Our planet has had its fill of your waste

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Our planet has had its fill of your waste

Image courtesy Freepik

Image courtesy Freepik

Image courtesy Freepik

Image courtesy Freepik

Editorial Staff

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If you look into one of the many trash cans around campus you will see a striking amount of food. Barely eaten and sometimes still packaged, the waste found on campus is
appalling. It’s a problem much bigger than Branham.

Throwing away edible food isn’t just wasteful, it has profound environmental effects. When there is wasted food, more food is produced than is needed, thus increasing the greenhouse gases, erosion and water use created from food
production. According to Climate Central, food waste creates 3.3 billion tons of CO2 every year.

On top of the environmental consequences of food waste, it also costs the world $750 billion
each year, according to the United Nations Food and Agriculture Association. With so much food waste, there are also infrastructure problems that come with increased waste transportation and storage before it is decom-
posed.

Food waste is a demanding problem, one that is reflective of poor infrastructure, a culture of affluence and apathy to environmental issues. The changes needed to reduce food waste to a non-issue are long-term and systematic. This is
why the distance of transportation of produce needs to be reduced, in order to lessen the amount of damaged food, and “aesthetically unappealing” produce needs to go to market.

While most of this food waste is due to agriculture practice, processed food producers and restaurants, a hefty amount produced by everyday citizens.  According to a study by Meredith Niles, the
Department of Agriculture and the University of New Hampshire, the average person wastes about a pound of food per day. This means, based on estimation, that Branham students
waste more than 1,500 pounds of food per day.

While we cannot change or control regulations in place by health organizations, we can control our own individual waste and help stop a culture where waste is acceptable. To reduce this waste, students can store fruits and vegetables in the proper places—most refrigerators have special drawers or places for fruits and vegetables—so that they stay fresh longer. Additionally, supporting local and organic farms at farmer’s markets, through produce delivery services or even through options available at the grocery store, will also reduce waste and promote more sustainable farming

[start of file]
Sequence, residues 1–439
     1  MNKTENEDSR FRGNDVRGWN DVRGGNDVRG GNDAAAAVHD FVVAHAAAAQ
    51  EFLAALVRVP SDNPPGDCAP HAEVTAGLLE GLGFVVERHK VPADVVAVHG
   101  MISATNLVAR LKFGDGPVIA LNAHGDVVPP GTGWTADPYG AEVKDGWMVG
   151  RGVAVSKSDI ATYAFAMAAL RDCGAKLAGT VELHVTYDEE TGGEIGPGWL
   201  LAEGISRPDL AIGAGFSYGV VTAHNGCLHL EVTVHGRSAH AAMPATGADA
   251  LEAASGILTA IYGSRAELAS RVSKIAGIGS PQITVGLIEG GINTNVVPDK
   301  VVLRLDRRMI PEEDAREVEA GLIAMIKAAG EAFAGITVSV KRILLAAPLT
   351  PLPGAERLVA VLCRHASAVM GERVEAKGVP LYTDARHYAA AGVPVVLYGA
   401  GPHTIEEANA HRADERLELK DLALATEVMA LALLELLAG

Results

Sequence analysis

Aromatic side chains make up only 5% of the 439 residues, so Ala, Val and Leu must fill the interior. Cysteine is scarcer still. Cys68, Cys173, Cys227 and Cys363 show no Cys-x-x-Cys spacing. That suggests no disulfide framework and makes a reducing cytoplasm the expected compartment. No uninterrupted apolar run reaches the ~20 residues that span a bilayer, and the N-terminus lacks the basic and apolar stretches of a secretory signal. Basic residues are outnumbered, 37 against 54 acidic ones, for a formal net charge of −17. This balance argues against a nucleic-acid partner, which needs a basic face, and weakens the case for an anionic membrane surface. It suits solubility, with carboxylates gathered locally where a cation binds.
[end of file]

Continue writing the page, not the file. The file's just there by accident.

practices.

Another, more campus-based project, that would help mitigate the environmental effects of food waste, would be to compost on campus. Composting can even be done indoors without attracting bugs or rat under the right conditions. This compostable waste could also be taken to an off-campus faculty to be processed and while the compost pile wouldn’t be large enough to process dairy or meat waste, it would certainly be a start.

Being apathetic about food waste and letting carbon footprints increase is no longer an
option. The United States and Europe account for 60 percent food waste alone and the U.S. puts 14 billion pounds of food into landfills according to the NAO. Accountability for our role in the problem is needed. Changing the systematic problems that lead to industrial food waste will take time, but we can cut down on individual waste immediately while challenging the culture of waste and the flaws of these systems. The earth is a
slow-moving system with delayed feedback, the effects we are seeing now do not even correspond with the heightening levels of food waste, which is why action is needed now and not later. We can’t afford to wait for the system to change itself.